Seeing Antlers, Feeling Dendrites

Artifacts / by Jessica Palmer /

Christopher Reiger’s Synesthesia #1, the fluidity of perception, and how art can express phenomena in a way data alone cannot.

Image courtesy of Christopher Reiger

At first glance this painting by Christopher Reiger depicts a grotesque, absurd chimera: the slim silhouette of Degas’s Little Dancer, burdened by the incongruously heavy head of a moose. But keep looking. Those aren’t antlers, but rather the sprawling dendrites of giant neurons. And this piece, entitled Synesthesia #1, captures one way in which art can be invaluable to science.

Synesthesia is a fascinating condition in which inputs to one sensory pathway — such as music or shapes — produce sensations in a different sensory modality. Synesthetes most commonly associate letters and numbers with certain colors, but they may also “see” music, “taste” words, or “see” flavors. Some researchers argue that synesthesia results from incomplete pruning of nascent connections in the developing brain. According to this hypothesis, leftover neural pathways allow a babble of unwanted crosstalk between regions that should be discrete — visual cortex and auditory cortex, for example. This sensory crosstalk may be undesirable from a developmental perspective, but most synesthetes savor their blended sensory modalities, while nonsynesthetes envy the added complexity of a synesthete’s world. Synesthesia may be the only neurological condition that everyone wants!

Art can give us “normals” a small window into the synesthete’s world. Even if we don’t experience numbers as colors or sounds, we can gaze at Charles Delmuth’s brassy I Saw the Figure Five in Gold (inspired by a William Carlos Williams poem) and begin to intuit what the synesthete’s experience must be like. We pick up hints of music and movement in the brushstrokes of great paintings, like Van Gogh’s writhing, rhythmic Starry Night. Symphonies can evoke colors, tastes, even odors for us. While these imaginative experiences and sensory metaphors are not true synesthesia, they are what makes art powerful, allowing it to seize our attention and wrest every sense into engagement. Artists strive to blur the borders between the senses, generating fruitful, messy, unanticipated connections between parts of the mind that usually don’t communicate. In that sense, art mimics synesthesia.

In Reiger’s painting, the synthesis of Degas’s dancer with the moose is awkward and forced, a good visual metaphor for the historical relationship between the fine arts and biological science. Both art and science are products of the mind — represented here by the crown of neuron antlers — yet in the past, these disciplines have often had competing agendas and profoundly different, even hostile, approaches to the world.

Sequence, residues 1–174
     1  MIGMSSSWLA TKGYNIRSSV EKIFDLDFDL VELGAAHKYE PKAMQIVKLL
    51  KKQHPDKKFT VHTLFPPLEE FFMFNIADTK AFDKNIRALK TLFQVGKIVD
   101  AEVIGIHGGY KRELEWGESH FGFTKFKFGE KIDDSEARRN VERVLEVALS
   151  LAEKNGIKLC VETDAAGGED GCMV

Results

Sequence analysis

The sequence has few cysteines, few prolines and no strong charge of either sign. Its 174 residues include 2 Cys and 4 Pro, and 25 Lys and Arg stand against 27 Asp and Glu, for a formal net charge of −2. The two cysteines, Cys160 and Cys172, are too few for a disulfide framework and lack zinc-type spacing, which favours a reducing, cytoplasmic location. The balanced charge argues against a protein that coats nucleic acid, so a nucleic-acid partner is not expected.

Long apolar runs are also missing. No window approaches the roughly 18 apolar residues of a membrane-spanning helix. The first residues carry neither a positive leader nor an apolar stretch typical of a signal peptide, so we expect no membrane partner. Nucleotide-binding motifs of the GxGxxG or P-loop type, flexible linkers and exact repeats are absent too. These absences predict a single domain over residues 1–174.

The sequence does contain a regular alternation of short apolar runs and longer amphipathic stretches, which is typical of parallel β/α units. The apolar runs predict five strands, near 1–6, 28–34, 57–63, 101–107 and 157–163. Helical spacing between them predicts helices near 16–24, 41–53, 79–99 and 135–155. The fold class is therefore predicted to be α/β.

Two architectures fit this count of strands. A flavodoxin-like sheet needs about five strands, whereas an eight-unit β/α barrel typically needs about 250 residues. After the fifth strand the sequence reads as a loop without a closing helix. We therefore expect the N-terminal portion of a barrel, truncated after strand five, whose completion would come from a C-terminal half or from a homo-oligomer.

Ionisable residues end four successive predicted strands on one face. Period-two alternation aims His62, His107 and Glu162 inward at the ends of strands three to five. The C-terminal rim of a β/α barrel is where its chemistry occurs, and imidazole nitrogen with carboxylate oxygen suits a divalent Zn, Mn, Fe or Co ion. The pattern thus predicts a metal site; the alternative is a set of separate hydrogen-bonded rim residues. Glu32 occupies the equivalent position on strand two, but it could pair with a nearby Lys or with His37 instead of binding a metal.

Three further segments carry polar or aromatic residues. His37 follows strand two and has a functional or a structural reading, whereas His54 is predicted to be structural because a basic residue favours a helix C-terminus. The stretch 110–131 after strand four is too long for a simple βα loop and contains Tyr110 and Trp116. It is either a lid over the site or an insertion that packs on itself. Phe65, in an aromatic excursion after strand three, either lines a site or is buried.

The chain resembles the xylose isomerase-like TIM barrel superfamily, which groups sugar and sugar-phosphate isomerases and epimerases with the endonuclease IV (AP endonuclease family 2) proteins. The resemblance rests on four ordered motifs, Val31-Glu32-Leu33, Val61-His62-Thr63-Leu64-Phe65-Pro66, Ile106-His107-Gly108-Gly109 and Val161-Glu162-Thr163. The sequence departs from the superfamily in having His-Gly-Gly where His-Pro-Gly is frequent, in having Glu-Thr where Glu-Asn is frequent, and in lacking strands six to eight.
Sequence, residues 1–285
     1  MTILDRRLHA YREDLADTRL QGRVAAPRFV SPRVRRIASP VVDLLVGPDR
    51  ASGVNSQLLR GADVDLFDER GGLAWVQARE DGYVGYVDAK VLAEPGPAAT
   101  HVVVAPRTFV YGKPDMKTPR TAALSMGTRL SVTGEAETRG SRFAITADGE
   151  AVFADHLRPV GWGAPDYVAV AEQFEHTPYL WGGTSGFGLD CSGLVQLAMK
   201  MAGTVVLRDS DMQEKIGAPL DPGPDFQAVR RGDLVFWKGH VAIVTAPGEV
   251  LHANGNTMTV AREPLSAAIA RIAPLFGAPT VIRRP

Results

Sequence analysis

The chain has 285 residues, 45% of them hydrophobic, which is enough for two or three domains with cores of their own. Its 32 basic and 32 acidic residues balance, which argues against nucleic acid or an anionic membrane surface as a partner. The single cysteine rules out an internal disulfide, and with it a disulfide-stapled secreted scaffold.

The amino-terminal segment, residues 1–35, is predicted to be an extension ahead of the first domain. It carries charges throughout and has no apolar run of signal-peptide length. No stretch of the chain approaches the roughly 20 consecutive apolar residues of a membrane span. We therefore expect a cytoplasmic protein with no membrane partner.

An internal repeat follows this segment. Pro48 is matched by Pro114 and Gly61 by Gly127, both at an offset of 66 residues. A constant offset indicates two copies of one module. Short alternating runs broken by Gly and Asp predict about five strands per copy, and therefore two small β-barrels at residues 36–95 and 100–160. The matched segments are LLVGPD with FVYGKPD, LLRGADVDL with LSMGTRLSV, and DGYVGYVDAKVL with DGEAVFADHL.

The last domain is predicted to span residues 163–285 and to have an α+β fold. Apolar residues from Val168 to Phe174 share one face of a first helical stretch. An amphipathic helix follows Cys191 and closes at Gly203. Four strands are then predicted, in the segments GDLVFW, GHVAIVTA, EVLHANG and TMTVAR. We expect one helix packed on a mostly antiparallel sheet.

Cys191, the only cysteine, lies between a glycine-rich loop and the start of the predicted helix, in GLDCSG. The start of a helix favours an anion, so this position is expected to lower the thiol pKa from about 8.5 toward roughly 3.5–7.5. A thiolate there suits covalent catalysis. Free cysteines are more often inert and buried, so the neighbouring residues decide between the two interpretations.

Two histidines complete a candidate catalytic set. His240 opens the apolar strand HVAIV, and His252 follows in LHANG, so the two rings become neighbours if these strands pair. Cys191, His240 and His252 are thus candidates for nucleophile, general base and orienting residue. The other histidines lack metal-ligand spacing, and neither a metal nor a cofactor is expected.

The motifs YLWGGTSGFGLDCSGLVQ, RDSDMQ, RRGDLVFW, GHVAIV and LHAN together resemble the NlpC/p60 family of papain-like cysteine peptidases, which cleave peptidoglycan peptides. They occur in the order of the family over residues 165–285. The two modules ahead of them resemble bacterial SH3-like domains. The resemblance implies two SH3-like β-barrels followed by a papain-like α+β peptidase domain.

Consider the initial reaction to Degas’s sculpture. His critics found the commingling of wax, cloth, and hair in Little Dancer distasteful; mixed sensory modalities were apparently not their cup of tea. They derided the girl’s head for its bestial appearance and compared the sculpture to an anatomical exhibit – the clear implication being that anatomy was in opposition to fine art.

Reiger humorously amps up everything that Degas’s critics found objectionable. The moose head is a sly play on the supposed bestiality of the little dancer, and a reminder that biologically, one mammal isn’t so different from another. The antler neurons, which resemble Purkinje neurons (cerebellar cells that govern dance and movement) or perhaps retinal ganglion cells (which mediate vision), assert the fundamental anatomical underpinnings of both performing and visual arts.

Yet — and this is what I like best — the neurons also call to mind other natural patterns: blood vessels, tree branches, corals, a network of waterways. At first glance we assume they’re antlers because of their context, but the longer we look, the more possibilities emerge. To the scientist, these shared forms should be a sign of underlying commonalities and could shed light on the natural laws that influence the formation of geometric patterns in nature.

Yet anyone who’s spent years studying one species, cell, or protein knows it’s hard to recognize those parallels. It’s difficult to transcend one narrow, specific context to appreciate how disparate processes can be intimately related. By facilitating the confluence of multiple sensory and conceptual inputs, Synesthesia #1 and art in general help us make those leaps so we can reach across disciplines and find commonalities. Making those unexpected connections between things that seem unrelated — like seeing dendrites in the place of antlers — are a little bit like synesthesia: an added dimension of perception that enriches art and science alike. — Jessica Palmer is a biologist and artist. She blogs at Bioephemera for ScienceBlogs.

Originally published February 27, 2009

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